Matthew Taylor’s review of modern working practices has been published

July 19, 2017

In it, Taylor considers the impact of new models of work, such as the ‘gig-economy’, on worker rights and employer responsibilities. Taylor was tasked with developing proposals which will inform the Government’s industrial strategy and which could help shape some of the Government’s employment law priorities going forward. As such, it is a potentially important document.

Some of the key recommendations are that:

  • The three-tier distinction between categories of individuals who provide services should remain, but he suggests that workers should be redefined as ‘dependent contractors’, in order to reflect the flexible relationships found in the modern workforce.
  • The law should be modernised and updated to reflect the tests relied on by tribunals and courts when determining employment status.
  • The definition of employee under any future legislation should continue to require the individual to perform services personally, but ‘dependent contractors’ should not be so required, and genuine substitution clauses should not be able to defeat a claim by an individual trying to prove ‘dependent contractor’ status. The fact of who controls the relationship should be a much more relevant factor and this should be made clear in the legislation.
  • The National Minimum Wage laws should be amended to protect businesses and take into account new methods of work, including the gig-economy, where such workers are allocated jobs (or ‘gigs’) through an app.  Such workers should be considered as undertaking a form of ‘output work’ and therefore not eligible to receive a National Minimum Wage simply because they are logged into an app. No individual should expect to be paid just because they are logged in – the relevant factor is whether or not they are actively seeking to work at that time.
  • The Government should aim for the legal definition of ‘self-employed’ and ‘employed’ to be consistent under both employment and tax laws.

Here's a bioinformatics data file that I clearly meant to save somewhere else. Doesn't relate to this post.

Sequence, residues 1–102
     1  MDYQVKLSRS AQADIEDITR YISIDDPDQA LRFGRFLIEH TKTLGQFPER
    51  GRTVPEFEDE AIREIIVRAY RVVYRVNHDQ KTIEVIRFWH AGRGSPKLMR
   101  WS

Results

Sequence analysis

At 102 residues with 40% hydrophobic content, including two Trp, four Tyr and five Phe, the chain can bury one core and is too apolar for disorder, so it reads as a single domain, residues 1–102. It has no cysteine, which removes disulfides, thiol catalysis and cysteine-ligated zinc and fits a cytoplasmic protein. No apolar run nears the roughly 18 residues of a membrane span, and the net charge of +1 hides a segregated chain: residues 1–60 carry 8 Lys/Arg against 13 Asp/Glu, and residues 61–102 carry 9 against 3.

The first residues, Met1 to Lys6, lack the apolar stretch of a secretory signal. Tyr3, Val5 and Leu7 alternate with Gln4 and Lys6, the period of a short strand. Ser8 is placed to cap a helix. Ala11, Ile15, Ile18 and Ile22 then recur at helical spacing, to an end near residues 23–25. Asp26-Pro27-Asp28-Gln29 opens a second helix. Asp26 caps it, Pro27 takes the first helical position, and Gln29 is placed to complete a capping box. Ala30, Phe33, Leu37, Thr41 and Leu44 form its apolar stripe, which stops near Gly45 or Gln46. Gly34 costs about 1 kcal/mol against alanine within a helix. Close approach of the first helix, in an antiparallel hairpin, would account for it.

• The right to receive a written statement of terms should be extended to ‘dependent contractors’ and the right should be available to them, as well as employees, from day 1 of their job. Such statements should set out what the individuals are entitled to by law and any relevant calculations. Taylor encourages the Government to consider introducing a standalone right to compensation if the ‘employer’ neglects to provide a written statement.
  • The Government should ask the Low Pay Commission to introduce a higher National Minimum Wage for hours that are not guaranteed by contract.
  • The difficulties faced by individuals who have flexible working patterns but wish to establish continuity of service can be combatted by increasing the length of time they are allowed to not be actively working, but still retain their continuity of service, from one week to one month.
  • The pay reference period for calculating holiday pay for casual workers should be increased from 12 weeks to 52 weeks to take account of nuanced arrangements, such as seasonal work. Taylor goes onto say that such workers should be allowed greater flexibility over how their holiday pay is paid and that the Government should consider allowing them to be paid on a ‘rolled up’ basis, although safeguards should be put in place to ensure that no one works for 52 weeks in a year.
  • Individuals on zero-hour contracts should have the right to request a fixed hours contract after 12 months, and agency workers should have the right to request a direct contract after 12 months with the same hirer.
  • The ‘Swedish Derogation’ which excludes workers who have a contract that provides for a minimum level of pay between assignments from the right to the same pay as permanent employees, should be abolished.
  • Statutory Sick Pay should be a basic employment right for ‘dependant contractors’, in the same way that that the National Minimum Wage is, but it should be accrued in line with an individual’s length of service.
  • There should be a presumption of employment or worker status, depending on what the individual is claiming, and the burden of proof should be shifted to the employer to prove status. Taylor also suggests that tribunals should be allowed to impose penalties on employers who have had individuals bring claims against them and their legal status has been confirmed, but the employer fails to take steps to apply the initial court/tribunal ruling to other individuals on similar contracts within the business. Taylor says that it is unjust and impractical to expect every individual in large organisations to bring a claim against their employer to prove their status.

It remains to be seen how many of the recommendations from the Taylor Review will actually be introduced by the Government. We will alert clients of any changes announced or introduced if and when they happen.

If you have any questions in the meantime, please contact a member of the employment team.

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